It is no secret that I am Guidelines-centric. Why then do I strongly support a “second look” option similar, if not identical, to the one proposed by Professor Shon Hopwood? See Shon Hopwood, Second Looks & Second Chances, Cardozo Law Review (forthcoming), available at the Social Science Research Network (last revised June 30, 2019) at SSRN pp. 21-22 (Part III) (proposing, at a minimum, that Congress enact legislation allowing federal judges to take a “second look” at sentences after the offender has served 10 years in prison and every 5 years thereafter without the offender having to show extraordinary and compelling circumstances).[i]
The following courtroom sketches are of Tom Brady during “DeflateGate.” The artist, Jane Rosenberg, a 35-year veteran of courtroom sketching, received condemnation for the first one and much better reviews for the second one.[ii] See where I’m going?
By last count, 73% of the time I impose sentences within the Guidelines with an average sentence length of 94 months in prison.[iii] I do so largely because reliance on the Guidelines is central, indeed critical in my view, to the avoidance of unwarranted sentencing disparity.
As I have written in these pages and elsewhere, sentencing disparity in the federal courts, even between cities in the same district, is indisputable and arguably unwarranted. See, e.g., Richard G. Kopf, Kopf: The Luck of the Draw, Simple Justice (June 2, 2019) (discussing the findings of the U.S. Sentencing Commission, Intra-City Differences in Federal Sentencing Practices, Federal District Judges in 30 Cities, 2005-2017, p. 7 (2019), in which the Commission found: “In most cities, the length of a defendant’s sentence increasingly depends on which judge in the courthouse is assigned to his or her case.”).
Professor Hopwood, who accurately stated in his paper that we have become friends even though I sent him to prison for more than ten years[iv], argues that:
It is difficult, if not impossible, to determine who, after having been convicted of a serious crime, has the capacity to become rehabilitated and redeemed. Character is not static, people change, and the law must recognize this reality.
There is little reason to continue warehousing people who have been adequately punished by serving long sentences, and who are no longer a danger to society. The social costs to the families left behind, the loss of human capital and productivity, and the need to give people a second chance at redemption all favor identifying [such] people . . . .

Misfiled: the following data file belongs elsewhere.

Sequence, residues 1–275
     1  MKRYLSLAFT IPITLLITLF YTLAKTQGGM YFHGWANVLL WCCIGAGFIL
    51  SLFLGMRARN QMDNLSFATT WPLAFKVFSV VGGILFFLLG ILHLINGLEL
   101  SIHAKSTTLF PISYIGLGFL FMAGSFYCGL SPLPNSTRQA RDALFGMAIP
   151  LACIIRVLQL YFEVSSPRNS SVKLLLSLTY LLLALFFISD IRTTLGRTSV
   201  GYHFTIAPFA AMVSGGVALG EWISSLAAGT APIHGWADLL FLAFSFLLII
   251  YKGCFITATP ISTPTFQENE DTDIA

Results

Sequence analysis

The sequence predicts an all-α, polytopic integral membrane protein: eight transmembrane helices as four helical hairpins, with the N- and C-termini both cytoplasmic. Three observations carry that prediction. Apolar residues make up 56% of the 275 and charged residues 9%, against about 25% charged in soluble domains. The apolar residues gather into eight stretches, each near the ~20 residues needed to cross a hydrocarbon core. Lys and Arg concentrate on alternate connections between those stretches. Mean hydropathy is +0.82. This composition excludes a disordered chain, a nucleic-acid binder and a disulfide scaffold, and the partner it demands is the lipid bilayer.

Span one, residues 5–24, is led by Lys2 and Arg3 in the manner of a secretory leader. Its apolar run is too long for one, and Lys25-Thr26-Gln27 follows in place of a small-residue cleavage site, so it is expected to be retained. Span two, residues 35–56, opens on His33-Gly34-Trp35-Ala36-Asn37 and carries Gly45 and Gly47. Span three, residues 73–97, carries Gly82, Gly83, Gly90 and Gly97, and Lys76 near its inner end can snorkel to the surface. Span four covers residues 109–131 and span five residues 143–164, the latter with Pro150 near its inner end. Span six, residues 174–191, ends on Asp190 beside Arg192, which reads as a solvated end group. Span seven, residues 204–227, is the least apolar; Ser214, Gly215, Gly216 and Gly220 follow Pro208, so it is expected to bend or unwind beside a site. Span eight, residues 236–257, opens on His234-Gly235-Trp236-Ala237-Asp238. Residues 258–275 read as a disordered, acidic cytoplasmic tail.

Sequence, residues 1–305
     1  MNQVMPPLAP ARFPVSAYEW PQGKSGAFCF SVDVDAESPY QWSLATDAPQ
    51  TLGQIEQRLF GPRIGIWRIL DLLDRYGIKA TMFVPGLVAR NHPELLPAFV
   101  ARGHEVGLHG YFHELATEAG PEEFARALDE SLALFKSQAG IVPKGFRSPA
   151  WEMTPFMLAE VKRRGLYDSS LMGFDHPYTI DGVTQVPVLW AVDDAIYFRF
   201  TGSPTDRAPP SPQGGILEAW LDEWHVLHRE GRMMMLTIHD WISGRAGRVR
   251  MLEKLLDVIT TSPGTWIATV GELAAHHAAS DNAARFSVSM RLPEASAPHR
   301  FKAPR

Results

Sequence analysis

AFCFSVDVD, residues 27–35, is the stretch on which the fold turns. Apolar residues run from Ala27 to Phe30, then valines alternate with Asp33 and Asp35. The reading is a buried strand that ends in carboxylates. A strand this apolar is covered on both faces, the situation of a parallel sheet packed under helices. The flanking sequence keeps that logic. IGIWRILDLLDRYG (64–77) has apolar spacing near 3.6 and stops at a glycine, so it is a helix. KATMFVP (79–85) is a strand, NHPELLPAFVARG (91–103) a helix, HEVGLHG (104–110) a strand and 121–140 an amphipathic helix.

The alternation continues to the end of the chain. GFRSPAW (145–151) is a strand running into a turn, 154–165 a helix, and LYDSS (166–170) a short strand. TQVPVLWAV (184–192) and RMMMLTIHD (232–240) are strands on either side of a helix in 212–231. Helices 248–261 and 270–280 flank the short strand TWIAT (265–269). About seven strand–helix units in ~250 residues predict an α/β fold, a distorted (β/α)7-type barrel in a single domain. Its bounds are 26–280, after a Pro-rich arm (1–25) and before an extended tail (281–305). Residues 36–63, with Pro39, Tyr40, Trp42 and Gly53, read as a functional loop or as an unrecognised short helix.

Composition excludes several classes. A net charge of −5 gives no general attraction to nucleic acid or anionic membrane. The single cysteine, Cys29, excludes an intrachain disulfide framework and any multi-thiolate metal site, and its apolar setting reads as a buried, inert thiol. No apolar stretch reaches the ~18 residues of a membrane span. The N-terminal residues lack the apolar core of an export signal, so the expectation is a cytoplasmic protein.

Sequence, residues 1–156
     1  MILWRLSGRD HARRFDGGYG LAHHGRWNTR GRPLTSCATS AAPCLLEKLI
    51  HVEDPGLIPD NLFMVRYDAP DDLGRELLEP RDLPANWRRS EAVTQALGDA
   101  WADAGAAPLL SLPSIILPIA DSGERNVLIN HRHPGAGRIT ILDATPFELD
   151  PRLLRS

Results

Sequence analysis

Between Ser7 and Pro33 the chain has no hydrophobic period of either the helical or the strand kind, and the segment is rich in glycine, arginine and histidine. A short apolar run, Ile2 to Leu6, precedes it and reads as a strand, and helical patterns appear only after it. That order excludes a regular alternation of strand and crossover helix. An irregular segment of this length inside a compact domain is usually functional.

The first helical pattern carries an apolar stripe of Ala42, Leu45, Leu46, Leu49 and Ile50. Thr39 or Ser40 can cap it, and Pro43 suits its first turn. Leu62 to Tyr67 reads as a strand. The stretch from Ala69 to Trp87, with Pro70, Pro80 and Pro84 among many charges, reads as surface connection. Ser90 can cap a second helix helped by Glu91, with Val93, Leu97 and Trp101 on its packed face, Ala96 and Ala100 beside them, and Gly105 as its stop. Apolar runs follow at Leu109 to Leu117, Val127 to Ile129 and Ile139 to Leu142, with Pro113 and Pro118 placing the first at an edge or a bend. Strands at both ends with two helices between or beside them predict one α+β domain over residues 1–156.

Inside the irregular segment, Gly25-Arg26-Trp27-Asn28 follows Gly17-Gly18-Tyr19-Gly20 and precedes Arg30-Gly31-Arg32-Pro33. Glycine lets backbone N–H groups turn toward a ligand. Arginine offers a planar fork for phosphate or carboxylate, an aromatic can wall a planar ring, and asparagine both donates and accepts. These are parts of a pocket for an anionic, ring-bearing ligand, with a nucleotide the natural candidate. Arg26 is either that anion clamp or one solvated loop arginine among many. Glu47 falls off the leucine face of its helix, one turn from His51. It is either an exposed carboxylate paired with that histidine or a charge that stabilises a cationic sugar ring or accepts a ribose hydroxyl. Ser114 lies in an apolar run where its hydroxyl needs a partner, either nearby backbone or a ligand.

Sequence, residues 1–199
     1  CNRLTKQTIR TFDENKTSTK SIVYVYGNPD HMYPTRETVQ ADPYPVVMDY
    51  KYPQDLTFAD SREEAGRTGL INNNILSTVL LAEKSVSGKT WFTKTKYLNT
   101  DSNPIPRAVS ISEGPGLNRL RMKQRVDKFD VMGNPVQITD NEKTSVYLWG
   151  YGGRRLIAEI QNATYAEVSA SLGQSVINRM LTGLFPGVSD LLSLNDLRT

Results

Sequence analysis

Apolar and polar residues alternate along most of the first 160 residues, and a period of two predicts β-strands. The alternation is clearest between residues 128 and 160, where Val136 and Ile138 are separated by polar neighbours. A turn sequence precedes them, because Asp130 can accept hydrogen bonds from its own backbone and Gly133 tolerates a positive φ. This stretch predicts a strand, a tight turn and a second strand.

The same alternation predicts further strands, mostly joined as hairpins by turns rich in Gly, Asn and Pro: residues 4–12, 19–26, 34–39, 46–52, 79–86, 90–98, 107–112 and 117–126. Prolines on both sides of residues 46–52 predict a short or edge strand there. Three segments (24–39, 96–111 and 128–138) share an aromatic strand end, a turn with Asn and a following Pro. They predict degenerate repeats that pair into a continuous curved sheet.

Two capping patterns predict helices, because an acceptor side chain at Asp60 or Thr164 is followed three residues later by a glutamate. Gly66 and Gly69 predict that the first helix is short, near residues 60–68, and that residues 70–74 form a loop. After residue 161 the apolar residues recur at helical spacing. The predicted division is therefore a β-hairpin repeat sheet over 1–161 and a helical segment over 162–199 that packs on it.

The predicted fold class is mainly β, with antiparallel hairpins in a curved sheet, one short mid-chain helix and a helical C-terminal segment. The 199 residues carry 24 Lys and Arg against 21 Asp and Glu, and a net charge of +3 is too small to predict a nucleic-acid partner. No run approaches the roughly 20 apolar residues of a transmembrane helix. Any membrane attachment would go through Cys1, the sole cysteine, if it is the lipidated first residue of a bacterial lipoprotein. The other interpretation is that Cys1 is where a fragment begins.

Second Looks & Second Chances at p. 27.
I agree with much of what Hopwood has to say.[v] Indeed, as indicated earlier, I support Shon’s proposed “Second Look” change in the law. But, as also implied earlier, I have an ulterior motive.
I want my fellow federal judges to hew closer to the Guidelines when they initially sentence people to prison. If they knew they would have a “second look” option, that might incentivize more federal judges to hew closer to the Guidelines.[vi] And that would be a good thing if you care about treating ostensibly similar offenders similarly.
Richard G. Kopf
Senior United States District Judge (Nebraska)
[i] Because there are pending and impending First Step Act cases on my docket, I do not intend to comment on Professor Hopwood’s views on the eligibility for First Step Act relief discussed in his paper.
[iii] The numbers in the text are drawn from an internal analysis of the United States District Court for the District of Nebraska prepared by the Sentencing Commission covering fiscal years 2015 through 2017. My averages would be even higher if you threw out government-sponsored motions for sentences below the Guidelines range.
[iv] “At my own sentencing, I told U.S. District Court Judge Richard G. Kopf that I would change my ways, and he wouldn’t see me again. Judge Kopf noted years later that when I made those remarks at sentencing, he ‘would have bet the farm and all the animals that Hopwood would fail miserably as a productive citizen when he finally got out of prison.’ Richard G. Kopf, Shon Hopwood and Kopf’s terrible sentencing instincts, Hercules and the Umpire (Aug. 8, 2013). What I later showed Judge Kopf was that his sentencing instincts (and these are his words, not mine) ‘suck.’ Id. We are now friends.” Second Looks & Second Chances at p. 4 n. 27.
[v] Hopwood and I disagree about the notion of “general deterrence.” He does not believe “general deterrence” works because most potential offenders are not rational actors. I believe some potential offenders are rational actors.
[vi] I am sure that is not what Shon intended. Sorry, bud!